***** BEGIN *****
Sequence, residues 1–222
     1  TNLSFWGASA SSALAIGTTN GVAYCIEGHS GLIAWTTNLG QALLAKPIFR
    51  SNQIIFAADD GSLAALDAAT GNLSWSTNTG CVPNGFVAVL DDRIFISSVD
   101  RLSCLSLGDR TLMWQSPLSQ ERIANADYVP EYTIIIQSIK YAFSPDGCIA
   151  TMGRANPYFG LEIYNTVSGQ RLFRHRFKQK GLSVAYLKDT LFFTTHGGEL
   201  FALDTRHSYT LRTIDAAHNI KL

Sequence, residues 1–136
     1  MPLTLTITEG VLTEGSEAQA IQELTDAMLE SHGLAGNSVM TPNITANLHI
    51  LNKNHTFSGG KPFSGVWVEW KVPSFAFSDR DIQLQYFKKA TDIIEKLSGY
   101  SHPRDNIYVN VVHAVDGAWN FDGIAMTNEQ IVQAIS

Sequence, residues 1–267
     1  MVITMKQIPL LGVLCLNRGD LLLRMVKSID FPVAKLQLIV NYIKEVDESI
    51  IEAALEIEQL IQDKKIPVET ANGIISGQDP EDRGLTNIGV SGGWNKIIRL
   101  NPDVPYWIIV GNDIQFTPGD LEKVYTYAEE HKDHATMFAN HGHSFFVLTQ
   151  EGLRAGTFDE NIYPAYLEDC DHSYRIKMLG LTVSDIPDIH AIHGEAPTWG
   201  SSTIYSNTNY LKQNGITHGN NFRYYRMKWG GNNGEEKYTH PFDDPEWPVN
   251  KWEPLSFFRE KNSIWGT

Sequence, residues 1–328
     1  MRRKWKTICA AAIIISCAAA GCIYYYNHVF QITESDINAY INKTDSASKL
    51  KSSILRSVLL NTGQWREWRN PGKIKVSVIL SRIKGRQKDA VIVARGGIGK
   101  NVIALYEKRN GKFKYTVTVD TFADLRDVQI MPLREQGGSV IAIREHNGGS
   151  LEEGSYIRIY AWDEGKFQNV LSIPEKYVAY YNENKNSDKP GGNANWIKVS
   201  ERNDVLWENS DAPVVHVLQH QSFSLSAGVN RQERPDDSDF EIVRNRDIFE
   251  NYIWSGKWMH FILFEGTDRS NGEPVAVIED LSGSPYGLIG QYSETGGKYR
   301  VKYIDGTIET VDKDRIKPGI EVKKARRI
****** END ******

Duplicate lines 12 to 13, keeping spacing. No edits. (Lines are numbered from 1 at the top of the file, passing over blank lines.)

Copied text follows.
     1  MVITMKQIPL LGVLCLNRGD LLLRMVKSID FPVAKLQLIV NYIKEVDESI
    51  IEAALEIEQL IQDKKIPVET ANGIISGQDP EDRGLTNIGV SGGWNKIIRL